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the favourites of Mercury, i. e. the
lyric poets (see the foll. art.), C. 2, 17,
29; S. 2, 3, 25.
Mercürius, Yi, m., Mercury, som of Ju-
piter and Maja, messenger of the
gods, inventor of the lyre, god of
eloquence, commerce, cunning, pa-
tron of thieves, guardian of poets,
and conductor of departed souls to
the lower world, C. 1, 2, 44; C. 1, 10,
1, and 5; C. 1, 24, 18; C. 1, 30, 8; C. 2,
7, 13; C. 3, 11, 1; S. 2, 3, 68; S. 2, 6,
5, and 15.
Mèrìónes, ae, m., a Cretan, charioteer
of Idomeneus, who distinguished
himself before Troy, C. 1, 6, 15; C. 1,
15, 26.
Messälla, ae, m., M. Valerius Messalla
Corvinus, a famous Roman states-
mam, friend of Tibullus and Horace,
C. 3, 21, 7, and 9; S. 1, 6, 42; S. 1. 10,
85; A. P. 371.
IMessius, Yi, m., Cicirrhus, a Roman buf-
foon, S. 1, 5, 52, and 54.
JMetaurum flumen, poetic. for Metaurus,
a river in Umbria, where Hasdrubal,
brother of Hannibal, was defeated in
B. c. 207; still called Metaro, C. 4, 4,
38.
Métella, ae, f., Caecilia, wife of P. Cor-
nelius Lentulus Spinther, S. 2, 3, 239.
Métellus, i, m., I. Q. Caecilius Metellus
Celer, consul with L. Afranius in
r>. c. 60, when Caesar, Pompey, and
Crassus, formed the first union
which might be considered as the
germ of the civil wars, C. 2, 1, 1.
II. Metellus Macedonicus, the poli-
tical opponent of Scipio, and there-
fore satirized by Lucilius, S. 2, 1, 67.
Méthymnaeus, a, um, adj., Methymnaean,
of Methymna, a town of Lesbos, fa-
mous for its wine, S. 2, 8, 50.
Mìlétus, i, f., the rich capital of Ionia,
birthplace of Thales, and famous for
its wool, Ep. 1, 17, 30.
Milönius, Yi, m., a buffoom in the time
of Horace, S. 2, 1, 24.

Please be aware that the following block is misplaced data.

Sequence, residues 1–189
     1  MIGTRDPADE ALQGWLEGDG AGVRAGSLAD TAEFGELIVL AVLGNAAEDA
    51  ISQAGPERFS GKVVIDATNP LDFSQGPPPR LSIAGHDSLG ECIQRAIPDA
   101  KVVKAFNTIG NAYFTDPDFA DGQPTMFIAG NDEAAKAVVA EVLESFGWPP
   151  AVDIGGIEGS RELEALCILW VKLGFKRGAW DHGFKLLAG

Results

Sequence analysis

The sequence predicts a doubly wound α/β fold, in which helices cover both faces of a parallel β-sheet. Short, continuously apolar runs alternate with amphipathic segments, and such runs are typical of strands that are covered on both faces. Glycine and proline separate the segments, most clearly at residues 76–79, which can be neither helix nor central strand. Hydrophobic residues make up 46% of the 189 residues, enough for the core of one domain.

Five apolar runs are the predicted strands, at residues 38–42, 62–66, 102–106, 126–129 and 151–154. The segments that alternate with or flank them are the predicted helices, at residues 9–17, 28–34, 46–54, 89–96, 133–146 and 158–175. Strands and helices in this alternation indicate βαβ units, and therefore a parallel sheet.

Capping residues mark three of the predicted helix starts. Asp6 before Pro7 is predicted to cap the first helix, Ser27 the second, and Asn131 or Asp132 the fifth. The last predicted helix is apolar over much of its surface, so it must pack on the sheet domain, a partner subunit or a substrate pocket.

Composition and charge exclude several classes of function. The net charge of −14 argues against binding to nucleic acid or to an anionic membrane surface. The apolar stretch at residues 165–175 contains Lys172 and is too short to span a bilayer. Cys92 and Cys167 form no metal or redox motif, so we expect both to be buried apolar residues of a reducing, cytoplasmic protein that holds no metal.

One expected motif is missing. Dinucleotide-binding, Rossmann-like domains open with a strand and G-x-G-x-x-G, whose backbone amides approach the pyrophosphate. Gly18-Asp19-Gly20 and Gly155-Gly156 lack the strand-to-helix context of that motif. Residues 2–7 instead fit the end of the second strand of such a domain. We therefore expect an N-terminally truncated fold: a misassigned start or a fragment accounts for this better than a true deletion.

Afìmas, antis, m., one ofthe Giants, C. 3,
4, 53.
IMimnermus, i, m., of Colophon, a
writer of elegies, contemporary with
Croesus, Ep. 1, 6, 65; Ep. 2, 2, 101.
AMìnerva, ae, f., a deity of ancient
Italy, identified with the Greek Pal-
las Athene, the goddess of wisdom,

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musician of Thrace, son of king
Oeagrus and the Muse Calliope, hus-
band of Eurydice, C. 1, 12, 8; C. 1, 24,
13; A. P. 392.

Osci, örum, m., a people of Campania,
famous for their buffoonery, S. 1, 5,
54.

δsiris, is, and idis, m., the tutelary
deity of Egypt and the Nile, hus-
band of Isis, Ep. 1, 17, 60.

ûtho, Ünis, m., L. Roscius, tribune of
the people in b. c. 67, whose law
appropriated to the knights the ex-
clusive right of sitting in the theatre
and amphitheatre immediately be-
hind the orchestra, where the senate
sat, Epod. 4, 16.

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namely, Clotho, Lachesis, and Atro-
pos. In sing. Parca, ome of the
Fates, C. 2, 3, 15; C. 2, 6, 9; C. 2, 16,
39; C. 2, 17, 16; Carm. Sec. 25; Epod.
13, 15.
Päris, Idis, m., the famous son of
Priam, who carried off Helen and
caused the Trojan war, in which he
was killed by an arrow from the bow
of Philoctetes, C. 1, 15, 1; C. 3, 3, 19,
26, and 40; C. 4, 9, 13; Ep. 1, 2, 6,
and 10.
Pärius, a, um, adj., Parian, of the island
Paros in the Aegeam Sea, celebrated
for its white marble, C. 1, 19, 6; Ep.
1, 19, 23.
Parrhäsius, Yi, m., a famous painter
born at Ephesus, rival of Zeuxis;
he flourished B. c. 400 at Athens, C.4,
8, 6.
Parthi, örum, and collect. Parthus, i,
*m., the Parthians, a warlike Scy-
thian people, in the large country of
Parthia (the modern Khorasan), C. 1,
12, 53; C. 1, 19, 12; C. 2, 13, 18; C. 3,
2, 3; C. 4, 5, 25; C. 4, 15, 7; Epod. 7,
9; S. 2, 1, 15; S. 2, 5, 62; Ep. 1, 18, 56;
Ep. 2, 1, 112, and 256.
Pätäreus (trissyll.) êi, m., epithet of
Apollo, from Pátára (orum, n.), a
sea-town of Lycia, where he had am
oracle, C. 3, 4, 64.
Paulus (also written Paullus), i, m..
I. L. Aemilius Paulus (Paullus), the
famous Roman general, who fell in the
battle ofCannae, C. 1, 12, 88. II. Pau-
lus (Paullus) Maximus, son of Paulus
Pabius Maximus, friend of the em-
peror Augustus, C. 4, 1, 10, and 15.
Pausiäcus, a, um, adj., of Pausias, a
famous Greek painter, a native of
Sicyon, and contemporary of Apelles,
S. 2, 7, 95.
Aëdanus, a, um, adj., of Pedum, a town
of Latium, between Tibur, Praeneste,
Tusculum, and Rome, now Gallicano,
Ep. 1, 4, 2.
Pédius, ii, m., Pedius Poplicóla, son of
the elder Messala Corvinus, and
adopted by Q. Pedius Poplicola, great
nephew of Julius Caesar and one of
his heirs, S. 1, 10, 28, and 85.
Pëgäsus, i, m., the winged horse of the
Muses; according to fable, it sprang
from the blood of Medusa. Belle-
rophon mounted it, and overcame

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